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  21. By Wendell Mercantile on January 12, 2011 at 9:46 am

    Wendell you may want to learn the root cause of the failure of methanol to win customer acceptance in the past.

    Please be so kind as to educate me.

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  22. By rrapier on January 12, 2011 at 10:52 am

    Kit P said:

    Methanol as an adjunct transportation fuel made from domestic natural

    gas and coal.

    Wendell you may want to learn the root cause of the failure of methanol to win customer acceptance in the past. 

     


     

    You might also discuss the root cause of why ethanol failed to win customer acceptance. After all, if it had we wouldn’t have needed to subsidize it for 30 years, and when that failed to have the desired impact to then mandate its use. Those actions don’t describe a fuel that has been embraced by customers; it describes a fuel that government has decided that we need to use whether customers like it or not.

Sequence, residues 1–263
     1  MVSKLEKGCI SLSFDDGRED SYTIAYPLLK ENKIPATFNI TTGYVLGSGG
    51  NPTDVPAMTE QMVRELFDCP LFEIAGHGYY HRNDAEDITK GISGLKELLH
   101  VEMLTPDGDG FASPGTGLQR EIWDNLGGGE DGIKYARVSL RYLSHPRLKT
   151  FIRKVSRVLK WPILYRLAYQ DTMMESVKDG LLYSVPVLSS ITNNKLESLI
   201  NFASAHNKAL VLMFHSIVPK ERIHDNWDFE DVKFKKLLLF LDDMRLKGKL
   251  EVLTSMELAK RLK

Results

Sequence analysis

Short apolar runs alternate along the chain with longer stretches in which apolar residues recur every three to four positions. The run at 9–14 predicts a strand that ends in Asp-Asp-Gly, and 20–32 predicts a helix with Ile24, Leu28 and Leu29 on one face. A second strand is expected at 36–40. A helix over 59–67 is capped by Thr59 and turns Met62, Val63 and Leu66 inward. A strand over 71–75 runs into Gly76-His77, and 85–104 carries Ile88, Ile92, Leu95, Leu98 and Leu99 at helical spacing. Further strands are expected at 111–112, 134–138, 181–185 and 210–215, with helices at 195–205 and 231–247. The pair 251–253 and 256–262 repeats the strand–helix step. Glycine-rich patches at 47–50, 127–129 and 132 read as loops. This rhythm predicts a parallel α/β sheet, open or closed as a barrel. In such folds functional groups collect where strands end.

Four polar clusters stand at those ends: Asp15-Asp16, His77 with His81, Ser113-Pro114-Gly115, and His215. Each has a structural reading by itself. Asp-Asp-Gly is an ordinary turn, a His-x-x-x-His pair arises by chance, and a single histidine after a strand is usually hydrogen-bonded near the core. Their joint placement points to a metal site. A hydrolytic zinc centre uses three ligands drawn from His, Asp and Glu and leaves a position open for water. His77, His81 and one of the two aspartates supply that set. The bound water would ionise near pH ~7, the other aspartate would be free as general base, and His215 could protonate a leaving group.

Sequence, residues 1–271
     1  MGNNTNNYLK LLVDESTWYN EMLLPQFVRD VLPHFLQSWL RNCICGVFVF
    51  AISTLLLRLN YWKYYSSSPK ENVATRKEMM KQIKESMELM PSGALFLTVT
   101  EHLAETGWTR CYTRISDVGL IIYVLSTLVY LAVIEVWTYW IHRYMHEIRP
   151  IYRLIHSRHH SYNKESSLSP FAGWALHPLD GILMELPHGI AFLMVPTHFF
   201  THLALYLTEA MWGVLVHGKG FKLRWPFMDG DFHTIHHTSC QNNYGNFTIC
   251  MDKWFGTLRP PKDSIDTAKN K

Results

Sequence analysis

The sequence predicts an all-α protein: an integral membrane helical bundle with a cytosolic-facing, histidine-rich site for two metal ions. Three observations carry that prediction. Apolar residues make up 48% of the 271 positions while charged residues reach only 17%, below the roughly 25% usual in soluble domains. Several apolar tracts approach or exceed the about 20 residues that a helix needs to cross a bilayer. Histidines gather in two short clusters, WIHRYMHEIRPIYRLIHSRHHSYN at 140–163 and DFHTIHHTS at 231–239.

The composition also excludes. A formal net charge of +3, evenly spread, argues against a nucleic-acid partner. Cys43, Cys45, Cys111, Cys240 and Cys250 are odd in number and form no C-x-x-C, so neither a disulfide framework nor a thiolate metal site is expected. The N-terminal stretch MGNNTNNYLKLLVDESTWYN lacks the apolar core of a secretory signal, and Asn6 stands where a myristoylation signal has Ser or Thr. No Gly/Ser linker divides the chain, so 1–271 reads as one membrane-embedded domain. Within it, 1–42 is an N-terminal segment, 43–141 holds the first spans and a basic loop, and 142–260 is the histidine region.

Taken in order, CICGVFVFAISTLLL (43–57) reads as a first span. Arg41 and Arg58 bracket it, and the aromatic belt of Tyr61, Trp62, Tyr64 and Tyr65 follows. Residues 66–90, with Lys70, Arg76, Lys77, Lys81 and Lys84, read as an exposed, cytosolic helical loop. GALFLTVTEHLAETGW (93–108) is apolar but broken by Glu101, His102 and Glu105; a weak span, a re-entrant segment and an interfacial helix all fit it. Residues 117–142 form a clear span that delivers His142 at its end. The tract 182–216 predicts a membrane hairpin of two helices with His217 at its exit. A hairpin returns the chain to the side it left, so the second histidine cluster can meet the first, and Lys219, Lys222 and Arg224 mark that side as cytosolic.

RR

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  23. By Benny BND Cole on January 12, 2011 at 2:19 pm

    Wendell-

    I too am puzzled at the vacuum that seems to surround methanol, especially in light of global and huge strikes of natural gas (shale the least of it). Methanol was the fuel of choice at the Indy 500 for decades.

    There is, of course, the perennial chicken-and-egg problem. You can’t have consumers switching to methanol if there are no methanol filling stations, and you can’t have flling stations without customers….

    Ethanol “won” through being mixed into (by government mandate) gasoline, already distributed.

    You make an excellent point.

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  24. By David Johnson on January 12, 2011 at 2:40 pm